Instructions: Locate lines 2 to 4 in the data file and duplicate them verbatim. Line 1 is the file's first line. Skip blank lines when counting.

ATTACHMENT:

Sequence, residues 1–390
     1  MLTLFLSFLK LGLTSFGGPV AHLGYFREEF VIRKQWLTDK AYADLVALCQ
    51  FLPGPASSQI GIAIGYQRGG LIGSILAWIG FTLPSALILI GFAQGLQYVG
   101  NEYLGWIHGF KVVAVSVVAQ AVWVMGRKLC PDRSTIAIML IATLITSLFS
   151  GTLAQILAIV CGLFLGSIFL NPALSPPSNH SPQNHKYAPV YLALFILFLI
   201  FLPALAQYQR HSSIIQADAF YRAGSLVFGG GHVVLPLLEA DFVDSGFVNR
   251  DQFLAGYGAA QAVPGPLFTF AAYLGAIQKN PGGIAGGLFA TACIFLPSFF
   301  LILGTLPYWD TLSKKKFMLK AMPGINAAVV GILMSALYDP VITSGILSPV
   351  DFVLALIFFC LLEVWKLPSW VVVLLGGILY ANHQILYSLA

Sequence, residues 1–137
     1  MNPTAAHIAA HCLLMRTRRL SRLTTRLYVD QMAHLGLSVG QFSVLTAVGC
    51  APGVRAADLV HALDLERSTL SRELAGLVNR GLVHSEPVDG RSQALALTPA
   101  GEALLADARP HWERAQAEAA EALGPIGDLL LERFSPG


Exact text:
     1  MLTLFLSFLK LGLTSFGGPV AHLGYFREEF VIRKQWLTDK AYADLVALCQ
    51  FLPGPASSQI GIAIGYQRGG LIGSILAWIG FTLPSALILI GFAQGLQYVG
   101  NEYLGWIHGF KVVAVSVVAQ AVWVMGRKLC PDRSTIAIML IATLITSLFS